So, why call me in the first place for a position that was not there to begin with, and which does not justify hiring anyone? As of today, this magazine's masthead does not even have the name of the 'new' features editor they had told me they had hired. If anything, since this magazine has gone bankrupt in the US, the names on their masthead have dropped to just the bare minimum, so it's possible that even the position that had been advertised, has not been filled as a cost-cutting measure. What's more, the previous issues even had the ex-editor still on the masthead and possibly on the payroll, as a consultant. That's not the case anymore, as his name has been removed lately. With two editors around - it's no wonder the current incumbent never felt the need to be in his office much! In fact, when I was called over for my interview and I was doing my written test, he kept getting his Facebook profile updated by a staff member, with his latest holiday pictures.

3. This is a newspaper that had a vacancy which seemed like 2000 redux - meaning like the first job I had when I began working in 2000. So I turned down the job but asked if I could write for them. A senior editor talked to me and told me how things worked and what the deadlines were. All said and done, I finally asked her about payment and she said she needed to 'check' on that and would let me know. Well, for a major newspaper that claims to take freelance content, she didn't know how much they were paying their freelancers - or that's the impression she wanted me to get. So, I waited for a week to hear from her and sent her a reminder. Guess what..she's still checking up on this after all this time.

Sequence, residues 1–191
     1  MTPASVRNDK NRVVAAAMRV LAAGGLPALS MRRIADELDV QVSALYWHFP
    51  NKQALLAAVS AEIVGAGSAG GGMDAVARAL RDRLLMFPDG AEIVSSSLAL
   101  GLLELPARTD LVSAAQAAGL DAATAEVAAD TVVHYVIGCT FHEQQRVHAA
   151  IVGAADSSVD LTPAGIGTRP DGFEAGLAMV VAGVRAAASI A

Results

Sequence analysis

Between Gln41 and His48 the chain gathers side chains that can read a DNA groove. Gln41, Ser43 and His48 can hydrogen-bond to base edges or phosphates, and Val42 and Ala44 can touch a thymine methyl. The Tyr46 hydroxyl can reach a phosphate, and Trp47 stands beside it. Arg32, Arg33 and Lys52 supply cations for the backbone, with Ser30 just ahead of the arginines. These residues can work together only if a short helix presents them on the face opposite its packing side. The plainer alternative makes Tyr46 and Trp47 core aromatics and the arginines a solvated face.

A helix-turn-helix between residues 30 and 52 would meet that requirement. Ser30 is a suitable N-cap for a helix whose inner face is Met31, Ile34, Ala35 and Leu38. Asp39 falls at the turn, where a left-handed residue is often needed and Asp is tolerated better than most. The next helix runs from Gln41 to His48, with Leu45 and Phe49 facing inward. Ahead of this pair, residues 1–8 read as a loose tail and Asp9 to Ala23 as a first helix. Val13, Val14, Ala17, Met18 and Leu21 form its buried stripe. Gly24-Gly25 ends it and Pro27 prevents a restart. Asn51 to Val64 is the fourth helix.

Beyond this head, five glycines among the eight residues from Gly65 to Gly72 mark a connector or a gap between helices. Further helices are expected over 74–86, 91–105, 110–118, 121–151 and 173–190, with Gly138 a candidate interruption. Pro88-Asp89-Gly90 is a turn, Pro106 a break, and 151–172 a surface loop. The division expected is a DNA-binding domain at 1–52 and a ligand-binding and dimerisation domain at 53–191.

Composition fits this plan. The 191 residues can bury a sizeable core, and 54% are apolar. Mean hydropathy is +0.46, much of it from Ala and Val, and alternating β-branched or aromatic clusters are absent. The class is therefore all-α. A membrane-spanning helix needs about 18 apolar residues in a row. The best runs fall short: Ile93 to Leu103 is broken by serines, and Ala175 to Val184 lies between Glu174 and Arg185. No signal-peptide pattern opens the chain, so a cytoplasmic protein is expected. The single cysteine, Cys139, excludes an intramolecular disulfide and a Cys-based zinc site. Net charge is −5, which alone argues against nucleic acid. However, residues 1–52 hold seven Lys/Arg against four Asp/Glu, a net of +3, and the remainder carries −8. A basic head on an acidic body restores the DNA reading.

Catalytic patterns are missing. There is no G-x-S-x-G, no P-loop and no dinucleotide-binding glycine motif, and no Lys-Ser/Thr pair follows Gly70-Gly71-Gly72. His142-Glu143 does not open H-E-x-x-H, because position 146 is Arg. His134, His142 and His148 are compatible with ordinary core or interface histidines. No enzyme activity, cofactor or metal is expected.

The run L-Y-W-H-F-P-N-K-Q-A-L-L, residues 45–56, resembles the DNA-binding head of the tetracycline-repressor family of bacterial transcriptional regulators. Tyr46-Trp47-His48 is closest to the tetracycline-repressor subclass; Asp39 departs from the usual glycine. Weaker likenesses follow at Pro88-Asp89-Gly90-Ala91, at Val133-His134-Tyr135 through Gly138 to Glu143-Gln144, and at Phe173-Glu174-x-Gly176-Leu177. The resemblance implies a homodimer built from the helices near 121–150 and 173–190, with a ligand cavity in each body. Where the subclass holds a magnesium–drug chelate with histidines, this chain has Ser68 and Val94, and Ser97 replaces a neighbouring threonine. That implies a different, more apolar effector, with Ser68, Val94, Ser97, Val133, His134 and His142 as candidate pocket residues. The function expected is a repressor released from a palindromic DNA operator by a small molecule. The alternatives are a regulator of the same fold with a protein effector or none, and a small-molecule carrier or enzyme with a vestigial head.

4. This is a brokerage firm's online magazine that is difficult to spot on their own site unless you know where to look. They got in touch with me to write for them. I was told by the editor that they did not give bylines but paid between Rs 2- Rs 4 per word, depending on the content and the seniority of the writer. I was told by her that quotes were sourced by them and I would have to give a written sample - this is after they had looked up this very blog and got in touch with me.

The sample was submitted on 'Power Trading in India' and the worldly wise editor saw two paragraphs on carbon emissions in the entire article, and said she couldn't accept it. Again, I emailed her gofer - the editor got this person to answer e-mails on her behalf and she edits a 27-30 pager PDF and not even an actual magazine - and told her that this was supposed to be a test to decide on future payments and was not to be published. Well, that girl had the decency to apologise for a very abrupt and in my opinion a non-transparent experience. That writeup I did for them has been posted by me on this blog, last month. Take a look and see if you don't find it worth reading, considering the topic is as exciting as watching paint dry.



Moral of the story - Willingness to work should not be confused as willing to be snubbed.

No comments: